The proliferation of parties and candidates is a symptom of the increasing distrust and disgust felt by many voters, particularly young people, toward the existing political set-up. Over the past decades, widening social inequality, the destruction of secure jobs and working conditions, and the erosion of public health, education, housing and welfare, under both Labor and Liberal governments, has seen the vote for the major parties decline steadily. Over the past two years, the essential bipartisan unity on the Iraq war and the accompanying assault on democratic rights have only intensified these sentiments.

The High Court has, in effect, rubberstamped the response of the political elite, which is to further narrow, stifle and limit political debate, seeking to paint all non-registered parties as illegitimate. The mass media has been fully complicit in this political censorship, giving saturation coverage to the mainstream parties while imposing an almost complete blackout on other parties. True to form, the media barely reported the DLP case, and provided no indication, let alone criticism, of its anti-democratic logic.

The judges’ assertion that the 500 rule was designed in 1983 to help voters make informed choices is absurd, and flies in the face of the political record. The 500 rule was imposed, and has been maintained, with the full support of all the parliamentary parties, including the Australian Greens and Democrats, as part of a wider scheme of state funding of registered political parties. State funding was introduced in order to bolster the declining finances of the old parties, make them increasingly financially dependent on the state and give the authorities immense powers to pry into the affairs of new parties.

Under the federal Electoral Act, whether registered parties apply for funding or not, they must file extensive annual returns, right down to the local branch level, and publicly name their financial contributors. In the guise of checking financial returns, the Electoral Commission can carry out highly prejudicial public raids on party offices, seize documents and records, and interrogate party members under oath. It can insist on a detailed timetable of a party’s activities and by scheduling inspections and audit meetings, constantly monitor and disrupt these activities.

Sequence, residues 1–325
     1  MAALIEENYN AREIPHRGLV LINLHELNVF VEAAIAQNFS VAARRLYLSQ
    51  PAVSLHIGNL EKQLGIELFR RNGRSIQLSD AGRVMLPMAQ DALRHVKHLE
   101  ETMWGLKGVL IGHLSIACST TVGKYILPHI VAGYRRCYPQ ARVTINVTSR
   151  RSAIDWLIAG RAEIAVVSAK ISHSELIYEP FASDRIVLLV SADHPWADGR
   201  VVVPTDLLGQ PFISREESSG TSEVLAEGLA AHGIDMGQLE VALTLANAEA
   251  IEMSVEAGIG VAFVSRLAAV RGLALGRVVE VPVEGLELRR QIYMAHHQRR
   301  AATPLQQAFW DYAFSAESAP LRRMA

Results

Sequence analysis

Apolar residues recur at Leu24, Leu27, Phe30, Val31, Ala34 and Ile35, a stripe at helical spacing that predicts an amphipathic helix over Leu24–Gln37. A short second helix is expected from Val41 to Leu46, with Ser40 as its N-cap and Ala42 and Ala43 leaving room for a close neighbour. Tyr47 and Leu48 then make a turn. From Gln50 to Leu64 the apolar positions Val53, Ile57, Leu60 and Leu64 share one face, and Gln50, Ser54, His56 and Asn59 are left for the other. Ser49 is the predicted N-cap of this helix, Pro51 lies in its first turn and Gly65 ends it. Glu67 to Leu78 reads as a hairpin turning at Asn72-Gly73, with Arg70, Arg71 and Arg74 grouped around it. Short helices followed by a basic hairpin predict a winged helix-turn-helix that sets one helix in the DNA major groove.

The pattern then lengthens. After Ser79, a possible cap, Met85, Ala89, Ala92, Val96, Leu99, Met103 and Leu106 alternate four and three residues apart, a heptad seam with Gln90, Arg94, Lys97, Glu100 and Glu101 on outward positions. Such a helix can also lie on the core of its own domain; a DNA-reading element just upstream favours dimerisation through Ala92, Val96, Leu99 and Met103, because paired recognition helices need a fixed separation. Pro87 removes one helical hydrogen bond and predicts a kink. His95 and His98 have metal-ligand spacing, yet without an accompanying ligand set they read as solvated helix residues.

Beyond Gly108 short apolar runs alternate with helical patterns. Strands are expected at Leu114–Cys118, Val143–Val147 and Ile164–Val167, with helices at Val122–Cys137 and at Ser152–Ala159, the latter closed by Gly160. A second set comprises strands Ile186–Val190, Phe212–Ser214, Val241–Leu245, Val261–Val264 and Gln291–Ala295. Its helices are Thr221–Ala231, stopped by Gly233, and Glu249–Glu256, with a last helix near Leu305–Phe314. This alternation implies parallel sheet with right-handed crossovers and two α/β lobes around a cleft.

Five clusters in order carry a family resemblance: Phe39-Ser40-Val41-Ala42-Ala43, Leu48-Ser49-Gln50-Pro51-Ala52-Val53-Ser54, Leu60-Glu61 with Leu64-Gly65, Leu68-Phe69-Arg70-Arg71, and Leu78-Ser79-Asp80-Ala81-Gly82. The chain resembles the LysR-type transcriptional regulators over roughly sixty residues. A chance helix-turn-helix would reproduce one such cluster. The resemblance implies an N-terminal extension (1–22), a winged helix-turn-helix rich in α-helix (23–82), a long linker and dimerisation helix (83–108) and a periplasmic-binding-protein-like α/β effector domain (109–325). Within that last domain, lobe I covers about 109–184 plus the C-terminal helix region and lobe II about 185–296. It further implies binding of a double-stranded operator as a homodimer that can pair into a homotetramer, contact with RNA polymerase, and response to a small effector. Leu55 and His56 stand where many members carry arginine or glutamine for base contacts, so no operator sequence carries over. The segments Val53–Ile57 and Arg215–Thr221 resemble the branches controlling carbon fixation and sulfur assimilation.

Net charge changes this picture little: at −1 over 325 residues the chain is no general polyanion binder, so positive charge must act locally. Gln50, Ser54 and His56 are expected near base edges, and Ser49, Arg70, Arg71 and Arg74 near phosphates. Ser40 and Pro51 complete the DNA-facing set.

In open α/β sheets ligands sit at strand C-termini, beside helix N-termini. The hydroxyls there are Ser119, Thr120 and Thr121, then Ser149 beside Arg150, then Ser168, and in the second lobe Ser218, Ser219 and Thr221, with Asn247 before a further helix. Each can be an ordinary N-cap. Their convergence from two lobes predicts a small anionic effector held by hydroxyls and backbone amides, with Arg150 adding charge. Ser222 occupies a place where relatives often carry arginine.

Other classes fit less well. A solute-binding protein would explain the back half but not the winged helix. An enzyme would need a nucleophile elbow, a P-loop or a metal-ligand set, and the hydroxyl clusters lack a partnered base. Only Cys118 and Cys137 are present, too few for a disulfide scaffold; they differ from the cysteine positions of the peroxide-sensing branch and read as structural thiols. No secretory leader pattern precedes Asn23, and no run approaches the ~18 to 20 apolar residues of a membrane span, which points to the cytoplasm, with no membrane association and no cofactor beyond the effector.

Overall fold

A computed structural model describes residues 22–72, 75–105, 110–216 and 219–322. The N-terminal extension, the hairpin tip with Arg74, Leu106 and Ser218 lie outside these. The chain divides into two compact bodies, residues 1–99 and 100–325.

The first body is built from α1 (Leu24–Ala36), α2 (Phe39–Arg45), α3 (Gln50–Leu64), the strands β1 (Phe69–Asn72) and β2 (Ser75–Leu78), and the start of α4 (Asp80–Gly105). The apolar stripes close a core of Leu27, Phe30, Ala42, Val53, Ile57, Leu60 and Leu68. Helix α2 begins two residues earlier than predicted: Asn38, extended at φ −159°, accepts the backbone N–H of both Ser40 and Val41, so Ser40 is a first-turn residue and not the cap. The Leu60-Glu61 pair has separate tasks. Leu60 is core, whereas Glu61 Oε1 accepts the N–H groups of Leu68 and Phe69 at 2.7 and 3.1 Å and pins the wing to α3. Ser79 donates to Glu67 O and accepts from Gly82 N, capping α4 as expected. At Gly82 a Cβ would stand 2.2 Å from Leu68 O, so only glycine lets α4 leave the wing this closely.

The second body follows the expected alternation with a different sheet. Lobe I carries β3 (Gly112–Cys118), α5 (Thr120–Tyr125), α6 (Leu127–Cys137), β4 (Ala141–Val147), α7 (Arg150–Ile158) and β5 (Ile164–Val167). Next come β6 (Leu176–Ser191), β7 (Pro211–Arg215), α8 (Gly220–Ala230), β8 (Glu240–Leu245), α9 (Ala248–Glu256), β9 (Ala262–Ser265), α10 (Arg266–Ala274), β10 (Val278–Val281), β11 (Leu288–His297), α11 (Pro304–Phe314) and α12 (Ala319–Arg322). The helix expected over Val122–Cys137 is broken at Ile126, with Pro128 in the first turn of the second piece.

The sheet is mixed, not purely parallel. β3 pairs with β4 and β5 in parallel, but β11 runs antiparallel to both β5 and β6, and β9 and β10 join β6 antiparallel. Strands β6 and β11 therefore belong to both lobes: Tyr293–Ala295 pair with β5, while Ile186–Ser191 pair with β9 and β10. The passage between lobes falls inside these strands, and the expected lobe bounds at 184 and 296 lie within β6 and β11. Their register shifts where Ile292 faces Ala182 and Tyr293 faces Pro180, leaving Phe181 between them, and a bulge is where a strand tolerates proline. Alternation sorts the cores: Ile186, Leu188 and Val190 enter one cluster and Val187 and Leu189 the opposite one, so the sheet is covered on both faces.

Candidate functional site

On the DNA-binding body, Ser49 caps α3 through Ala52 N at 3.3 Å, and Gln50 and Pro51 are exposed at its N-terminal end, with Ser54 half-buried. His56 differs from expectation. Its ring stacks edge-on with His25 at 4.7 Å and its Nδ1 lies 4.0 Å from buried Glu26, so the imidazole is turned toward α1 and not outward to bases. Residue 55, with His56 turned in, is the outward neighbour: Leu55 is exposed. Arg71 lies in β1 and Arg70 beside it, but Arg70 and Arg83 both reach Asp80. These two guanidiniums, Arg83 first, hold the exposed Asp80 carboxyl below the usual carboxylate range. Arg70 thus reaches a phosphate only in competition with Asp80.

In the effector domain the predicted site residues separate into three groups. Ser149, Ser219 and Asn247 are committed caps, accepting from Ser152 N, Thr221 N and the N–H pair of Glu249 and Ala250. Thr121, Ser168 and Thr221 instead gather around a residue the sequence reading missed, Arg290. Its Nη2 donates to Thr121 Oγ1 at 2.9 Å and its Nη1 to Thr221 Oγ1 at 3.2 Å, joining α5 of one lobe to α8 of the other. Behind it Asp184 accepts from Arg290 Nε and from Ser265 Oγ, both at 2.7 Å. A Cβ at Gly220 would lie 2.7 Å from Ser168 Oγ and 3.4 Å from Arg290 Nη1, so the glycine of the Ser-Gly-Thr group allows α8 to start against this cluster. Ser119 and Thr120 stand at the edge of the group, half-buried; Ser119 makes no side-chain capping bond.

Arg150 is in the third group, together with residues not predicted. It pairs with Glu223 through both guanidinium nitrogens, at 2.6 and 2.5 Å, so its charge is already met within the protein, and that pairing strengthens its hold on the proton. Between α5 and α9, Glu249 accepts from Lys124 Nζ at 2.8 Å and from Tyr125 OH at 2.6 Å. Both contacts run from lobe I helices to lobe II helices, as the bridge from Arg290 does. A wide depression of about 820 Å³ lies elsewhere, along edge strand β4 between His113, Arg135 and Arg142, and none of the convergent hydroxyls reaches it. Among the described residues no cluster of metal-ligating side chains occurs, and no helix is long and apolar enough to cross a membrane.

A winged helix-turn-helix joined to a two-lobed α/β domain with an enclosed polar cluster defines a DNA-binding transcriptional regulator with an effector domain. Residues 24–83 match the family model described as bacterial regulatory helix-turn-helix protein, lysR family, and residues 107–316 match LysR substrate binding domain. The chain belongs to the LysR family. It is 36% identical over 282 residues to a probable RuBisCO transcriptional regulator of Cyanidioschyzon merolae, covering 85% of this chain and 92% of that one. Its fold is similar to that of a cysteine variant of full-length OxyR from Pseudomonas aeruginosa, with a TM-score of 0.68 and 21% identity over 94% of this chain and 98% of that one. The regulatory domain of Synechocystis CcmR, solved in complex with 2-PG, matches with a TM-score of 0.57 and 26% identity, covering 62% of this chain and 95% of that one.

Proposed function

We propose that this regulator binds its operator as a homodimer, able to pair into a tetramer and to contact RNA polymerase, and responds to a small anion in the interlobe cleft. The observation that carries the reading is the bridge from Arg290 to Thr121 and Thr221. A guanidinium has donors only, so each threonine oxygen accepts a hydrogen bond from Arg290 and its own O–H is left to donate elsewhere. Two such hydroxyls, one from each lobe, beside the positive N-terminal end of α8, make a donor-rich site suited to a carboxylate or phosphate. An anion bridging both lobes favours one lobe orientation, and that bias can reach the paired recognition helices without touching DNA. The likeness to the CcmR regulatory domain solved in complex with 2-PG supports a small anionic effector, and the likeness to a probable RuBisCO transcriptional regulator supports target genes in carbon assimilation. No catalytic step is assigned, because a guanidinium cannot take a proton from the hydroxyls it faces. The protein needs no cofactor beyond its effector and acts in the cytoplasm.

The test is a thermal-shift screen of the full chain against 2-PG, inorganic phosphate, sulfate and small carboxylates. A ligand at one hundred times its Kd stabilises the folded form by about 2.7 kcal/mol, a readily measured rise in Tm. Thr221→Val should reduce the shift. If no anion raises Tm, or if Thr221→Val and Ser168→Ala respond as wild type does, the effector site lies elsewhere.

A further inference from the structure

As revealed by the highly-orchestrated five-year police and media operation against One Nation co-founders Pauline Hanson and David Ettridge, culminating in their jailing last year, even the most technical breaches of these provisions can be used to slander, discredit and silence opposition parties and railroad their leaders to prison. Last November’s acquittal of Hanson and Ettridge by the Queensland Supreme Court confirmed that they had been victims of a high-level political witchhunt, backed by a series of legal travesties.

Notably, not one of the High Court judges even referred to the Hanson case. Notwithstanding One Nation’s reactionary politics, the jailing of its leaders was aimed at setting a precedent for the use of electoral laws to criminalise any political organisation that threatened to destabilise, in any way, the existing political set-up.

The DLP case is the second major High Court decision on democratic rights in the past month. In early August, the court declared that the federal government can, without any form of trial, detain rejected asylum seekers indefinitely—perhaps for life—even if they cannot be deported to any other country and irrespective of the intolerable conditions inside the government’s immigration detention centres.

These rulings are part of a broader assault. Backed by Labor, the Howard government has seized upon the so-called “war on terrorism” to introduce unprecedented measures that can be used to victimise government opponents and outlaw traditional forms of political dissent. These measures include detention and interrogation without trial, the banning of political groups by executive fiat, the abolition of the right to remain silent, and life imprisonment for “terrorist” acts—defined so widely that they can include anti-government demonstrations that damage property or even block traffic.

A new political movement, armed with a socialist perspective, is needed to defeat this offensive—which mirrors developments in the United States and around the world. In order to take forward the struggle to build such a movement, the Socialist Equality Party is standing candidates in the 2004 election and advancing a genuinely democratic and socialist alternative. Because of the anti-democratic electoral laws, our candidates will appear on ballot papers without the SEP’s name alongside them. We call on all working people, students and defenders of civil and political rights to vote for the SEP and to demand the immediate repeal of every restrictive ballot access law.